Obituary: Charlie Hill, boxer

British featherweight champion boxer who inspired many Lanarkshire youths

Born: 20 June, 1930, in Flemington, Lanarkshire.

Died: 4 July, 2010, in Brisbane, Australia, aged 80.

When top Scottish boxing coach and 1962 Commonwealth Games featherweight gold medal winner, John McDermott, received the MBE for services to Scottish boxing in 2006 he dedicated the honour to fellow Flemington native and former British pro featherweight champion, Charlie Hill, who died at his adopted home in Brisbane, Australia on 4 July.

McDermott and Hill's Flemington birthplace is a small hamlet near Cambuslang but it was a hotbed for producing Scottish sports stars - among them 1960s Old Firm footballers, Davie Wilson of Rangers and Celtic goalkeeper John Fallon - as well as both McDermott and his ring mentor Charlie Hill.

Hill was born in the Depression year of 1930. His father was a steel worker in the nearby Hallside Steelworks, where he toiled to support his wife and family while encouraging his son to take up sport.

Hill - after obtaining an apprenticeship as an shipyard electrician aged just 14 at Glasgow's Harland & Wolf yard on the Clyde - channelled the natural athletic abilities he had discovered at school into amateur boxing as a bantamweight and featherweight with Cambuslang's Halfway Miners club and, more significantly, with the Bridgeton-based Scottish National club.

There, in Glasgow's East End, Hill established his outstanding ring credentials as a simon- pure boxer, grabbing West and Scottish titles while beating outstanding ring contemporaries such as Bertie Scott and Jim Murie of the Glasgow Transport club. In this connection, John McDermott - who had followed his mentor Hill to the Scottish National club - commented: "Hill was a tremendous body puncher and had a great left jab and crushing right cross."

Given that Bridgeton's Scottish national club was also the power base of both Jim Gilmour and his son Tommy Gilmour senior, it was no surprise when Hill turned pro under the latter and celebrated his paid debut by outpointing one Art Belec at Glasgow's Firhill Park in June 1953.

Thereafter, dapper dresser Hill became famous for his Tony Curtis hairstyle, his stylish suits and the alacrity with which he defeated top-class contenders between 1953 and 1955 in places like the Kelvin Hall, Newcastle and Edinburgh - a sequence studded with stoppage wins courtesy of Hill's ferocious body punching.

In this period Hill annexed the Scottish featherweight title by outpointing Clydebank's Chic Brogan in December 1954 but, as John McDermott said: "Charlie was also great teacher of boxing and I learned the skills that won me my Commonwealth gold medal in Perth, Western Australia in 1962 from Hill."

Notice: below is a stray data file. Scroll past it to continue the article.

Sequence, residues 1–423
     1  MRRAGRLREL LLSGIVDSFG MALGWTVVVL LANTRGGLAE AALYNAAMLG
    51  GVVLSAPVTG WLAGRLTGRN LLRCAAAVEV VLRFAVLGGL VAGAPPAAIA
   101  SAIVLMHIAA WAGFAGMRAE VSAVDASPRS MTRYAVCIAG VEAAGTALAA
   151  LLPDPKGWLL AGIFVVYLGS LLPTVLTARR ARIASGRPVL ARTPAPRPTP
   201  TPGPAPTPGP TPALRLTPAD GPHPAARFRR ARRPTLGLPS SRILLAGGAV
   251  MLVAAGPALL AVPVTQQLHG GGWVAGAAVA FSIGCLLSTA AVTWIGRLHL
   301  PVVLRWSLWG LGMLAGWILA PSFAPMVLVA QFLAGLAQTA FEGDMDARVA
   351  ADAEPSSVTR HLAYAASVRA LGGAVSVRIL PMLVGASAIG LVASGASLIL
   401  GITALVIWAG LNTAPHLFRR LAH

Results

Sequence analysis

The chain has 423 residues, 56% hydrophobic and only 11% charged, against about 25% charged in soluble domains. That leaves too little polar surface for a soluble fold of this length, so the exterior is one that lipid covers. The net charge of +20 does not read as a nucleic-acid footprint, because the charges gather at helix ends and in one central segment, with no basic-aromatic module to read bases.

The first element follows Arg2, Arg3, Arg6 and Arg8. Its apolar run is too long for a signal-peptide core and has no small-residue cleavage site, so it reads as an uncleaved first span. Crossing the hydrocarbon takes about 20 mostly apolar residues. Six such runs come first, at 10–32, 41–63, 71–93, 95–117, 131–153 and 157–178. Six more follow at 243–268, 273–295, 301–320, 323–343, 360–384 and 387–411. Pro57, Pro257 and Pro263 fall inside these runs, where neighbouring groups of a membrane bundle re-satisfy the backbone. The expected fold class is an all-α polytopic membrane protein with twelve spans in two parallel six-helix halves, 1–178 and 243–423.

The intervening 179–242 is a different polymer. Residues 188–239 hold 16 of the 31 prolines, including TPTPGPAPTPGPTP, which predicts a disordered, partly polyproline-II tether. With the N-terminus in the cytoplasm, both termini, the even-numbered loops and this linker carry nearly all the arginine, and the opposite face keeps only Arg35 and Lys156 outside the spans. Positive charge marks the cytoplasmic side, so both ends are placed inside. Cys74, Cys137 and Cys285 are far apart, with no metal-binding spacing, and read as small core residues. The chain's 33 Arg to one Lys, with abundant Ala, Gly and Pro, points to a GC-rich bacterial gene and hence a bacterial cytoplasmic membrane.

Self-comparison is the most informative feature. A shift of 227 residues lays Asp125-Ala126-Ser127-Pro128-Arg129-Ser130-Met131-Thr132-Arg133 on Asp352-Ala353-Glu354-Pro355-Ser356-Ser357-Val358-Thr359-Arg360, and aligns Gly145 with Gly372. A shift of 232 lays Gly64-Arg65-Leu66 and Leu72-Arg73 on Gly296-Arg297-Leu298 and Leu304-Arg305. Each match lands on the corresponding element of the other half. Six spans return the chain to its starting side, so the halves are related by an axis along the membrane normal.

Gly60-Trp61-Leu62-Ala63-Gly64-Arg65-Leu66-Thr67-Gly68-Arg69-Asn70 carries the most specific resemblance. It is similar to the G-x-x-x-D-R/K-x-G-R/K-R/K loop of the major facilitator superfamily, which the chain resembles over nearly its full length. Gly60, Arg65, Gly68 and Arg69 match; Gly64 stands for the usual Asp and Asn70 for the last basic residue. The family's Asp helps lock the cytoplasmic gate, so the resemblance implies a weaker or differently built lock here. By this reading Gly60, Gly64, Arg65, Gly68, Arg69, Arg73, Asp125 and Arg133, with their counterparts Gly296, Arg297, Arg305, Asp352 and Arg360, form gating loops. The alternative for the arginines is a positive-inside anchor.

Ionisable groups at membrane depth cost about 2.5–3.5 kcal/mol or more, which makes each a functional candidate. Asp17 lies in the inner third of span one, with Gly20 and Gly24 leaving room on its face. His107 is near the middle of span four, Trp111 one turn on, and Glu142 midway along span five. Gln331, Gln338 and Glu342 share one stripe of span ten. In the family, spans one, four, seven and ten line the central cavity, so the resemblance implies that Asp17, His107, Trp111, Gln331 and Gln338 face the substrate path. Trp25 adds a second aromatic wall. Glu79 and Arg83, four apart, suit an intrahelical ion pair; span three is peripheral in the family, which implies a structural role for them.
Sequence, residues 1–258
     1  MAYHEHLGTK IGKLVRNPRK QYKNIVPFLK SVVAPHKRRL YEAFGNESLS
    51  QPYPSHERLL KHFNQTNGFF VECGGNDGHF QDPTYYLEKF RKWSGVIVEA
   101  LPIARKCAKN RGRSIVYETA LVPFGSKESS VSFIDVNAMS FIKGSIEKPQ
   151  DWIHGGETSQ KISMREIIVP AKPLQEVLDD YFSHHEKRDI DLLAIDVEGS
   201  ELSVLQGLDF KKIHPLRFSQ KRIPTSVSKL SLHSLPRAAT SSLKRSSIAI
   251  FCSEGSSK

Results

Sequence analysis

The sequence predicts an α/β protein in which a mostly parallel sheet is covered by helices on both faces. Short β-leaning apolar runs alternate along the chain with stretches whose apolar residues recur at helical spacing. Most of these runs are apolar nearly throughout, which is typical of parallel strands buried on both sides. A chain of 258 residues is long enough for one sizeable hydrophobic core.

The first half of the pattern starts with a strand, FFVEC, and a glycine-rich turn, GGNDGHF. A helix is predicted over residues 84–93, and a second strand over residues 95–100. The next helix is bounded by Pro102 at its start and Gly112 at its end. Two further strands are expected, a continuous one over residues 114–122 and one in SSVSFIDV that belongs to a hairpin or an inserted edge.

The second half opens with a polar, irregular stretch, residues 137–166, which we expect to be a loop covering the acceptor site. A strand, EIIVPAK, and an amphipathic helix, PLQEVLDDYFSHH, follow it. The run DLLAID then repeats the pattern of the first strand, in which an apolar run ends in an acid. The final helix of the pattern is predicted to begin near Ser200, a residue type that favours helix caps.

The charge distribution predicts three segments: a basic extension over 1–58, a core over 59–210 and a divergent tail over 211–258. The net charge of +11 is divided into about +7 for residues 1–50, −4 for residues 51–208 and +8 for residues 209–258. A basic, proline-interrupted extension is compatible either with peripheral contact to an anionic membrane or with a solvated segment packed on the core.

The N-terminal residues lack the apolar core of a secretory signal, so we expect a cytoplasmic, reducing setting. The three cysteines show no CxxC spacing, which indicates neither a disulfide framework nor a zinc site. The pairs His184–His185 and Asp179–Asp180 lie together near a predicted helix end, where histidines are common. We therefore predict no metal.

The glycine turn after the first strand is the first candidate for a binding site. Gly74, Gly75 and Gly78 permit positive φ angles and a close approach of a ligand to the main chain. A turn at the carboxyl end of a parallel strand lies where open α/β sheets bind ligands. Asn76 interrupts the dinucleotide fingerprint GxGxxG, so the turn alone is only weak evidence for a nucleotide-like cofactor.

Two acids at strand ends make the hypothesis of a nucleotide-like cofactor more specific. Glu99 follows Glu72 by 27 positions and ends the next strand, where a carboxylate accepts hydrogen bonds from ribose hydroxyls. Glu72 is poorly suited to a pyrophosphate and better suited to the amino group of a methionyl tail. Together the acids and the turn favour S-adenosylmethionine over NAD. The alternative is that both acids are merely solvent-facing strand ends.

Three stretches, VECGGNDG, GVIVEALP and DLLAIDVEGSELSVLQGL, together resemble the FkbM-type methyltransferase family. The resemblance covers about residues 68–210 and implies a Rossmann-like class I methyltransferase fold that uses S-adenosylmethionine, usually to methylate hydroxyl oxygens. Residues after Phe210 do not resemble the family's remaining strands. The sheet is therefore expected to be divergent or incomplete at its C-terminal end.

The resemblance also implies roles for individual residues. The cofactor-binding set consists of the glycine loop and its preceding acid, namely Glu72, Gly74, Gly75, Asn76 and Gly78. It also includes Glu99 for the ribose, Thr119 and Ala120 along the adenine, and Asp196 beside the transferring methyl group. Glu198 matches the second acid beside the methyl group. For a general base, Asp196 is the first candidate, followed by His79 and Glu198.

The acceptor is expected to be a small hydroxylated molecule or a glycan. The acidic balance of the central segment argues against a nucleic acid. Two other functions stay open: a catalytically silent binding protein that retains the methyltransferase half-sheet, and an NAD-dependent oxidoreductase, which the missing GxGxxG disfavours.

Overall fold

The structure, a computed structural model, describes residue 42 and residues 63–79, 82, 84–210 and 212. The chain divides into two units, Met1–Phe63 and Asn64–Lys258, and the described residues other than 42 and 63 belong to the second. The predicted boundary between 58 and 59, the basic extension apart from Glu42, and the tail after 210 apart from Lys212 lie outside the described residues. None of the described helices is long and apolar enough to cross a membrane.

Added McDermott: "Charlie Hill was as happy-go-lucky outside the ring as he was intensively competitive within the ropes.

BRIAN DONALD

"He idolised Afro-American singer Billy Eckstine who had a popular BBC radio show in the 1950s, but even when he got married he couldn't escape his boxing destiny as he wed Margaret Stevenson, whose Dad, Jim, was a celebrated boxing coach with the Glasgow Dennistoun club."

Again, the dawning of 1956 saw Hill matched in Belfast in January with Irish champion, Billy "Spider" Kelly in the intimidating emotional cauldron of the Northern Irish capital's King's Hall for the British featherweight title and Lonsdale Belt.

When Hill was judged to have outscored Irish hometowner Kelly all hell broke loose and one of Britain's worst 20th-century ringside riots ensued. Hill escaped harm and returned as Scotland's fourth British featherweight Lonsdale Belt winner.

1956 was to end as traumatically as it had begun for Hill, having beaten Arthur Donnachie and Irishman Jimmy Brown, both of whom would defeat his December 1956 non-title fight opponent from Edinburgh, Bobby Neill. Hill felt confident that the odds would be in his favour against Edinburgh bookie's son, Neill. Instead, the blistering power punching of Neill saw Hill beaten in the first round.

But despite a lean spell following the Neill stoppage Hill impressively re-established his championship credentials by beating erstwhile conqueror, Neill's Belfast nemesis, Jimmy Brown.

A 1958 British title win over former rival from Clydebank, Chic Brogan, saw Hill make the Lonsdale Belt his own property but his old Edinburgh rival Bobby Neill was banging on the championship door and eventually Hill agreed to met Neill for the British title in April 1959 at Nottingham Ice Rink.

Hill not only lost his British title and Lonsdale Belt to Neill but was knocked to the canvas nine times before the bout was halted in Neill's favour.

Hill's former protege, John McDermott, opined that Hill had been suffering with weight-making problems which saw him enter the ring in a weakened state.

Nevertheless, it proved to be Charlie Hill's last fight and after the birth of his son Charles junior, he and his family went south for a time to work in Rugby, Warwickshire, before finally emigrating to Queensland's Gold Coast where Hill, his wife, son and daughter, who survive him, lived from the 1970s onwards.

With a record of 31 wins in 36 paid bouts, Cambuslang's Charlie Hill deserves to be remembered for that and also for being a highly popular model for the Lanarkshire youths.

BRIAN DONALD